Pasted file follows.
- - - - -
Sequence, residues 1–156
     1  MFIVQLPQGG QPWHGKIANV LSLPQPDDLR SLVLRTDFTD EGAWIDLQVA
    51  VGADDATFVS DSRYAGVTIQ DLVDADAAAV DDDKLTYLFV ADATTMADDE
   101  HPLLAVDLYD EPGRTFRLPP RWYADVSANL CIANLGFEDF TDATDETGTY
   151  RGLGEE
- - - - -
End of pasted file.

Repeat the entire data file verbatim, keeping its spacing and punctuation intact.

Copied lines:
Sequence, residues 1–156
     1  MFIVQLPQGG QPWHGKIANV LSLPQPDDLR SLVLRTDFTD EGAWIDLQVA
    51  VGADDATFVS DSRYAGVTIQ DLVDADAAAV DDDKLTYLFV ADATTMADDE
   101  HPLLAVDLYD EPGRTFRLPP RWYADVSANL CIANLGFEDF TDATDETGTY
   151  RGLGEE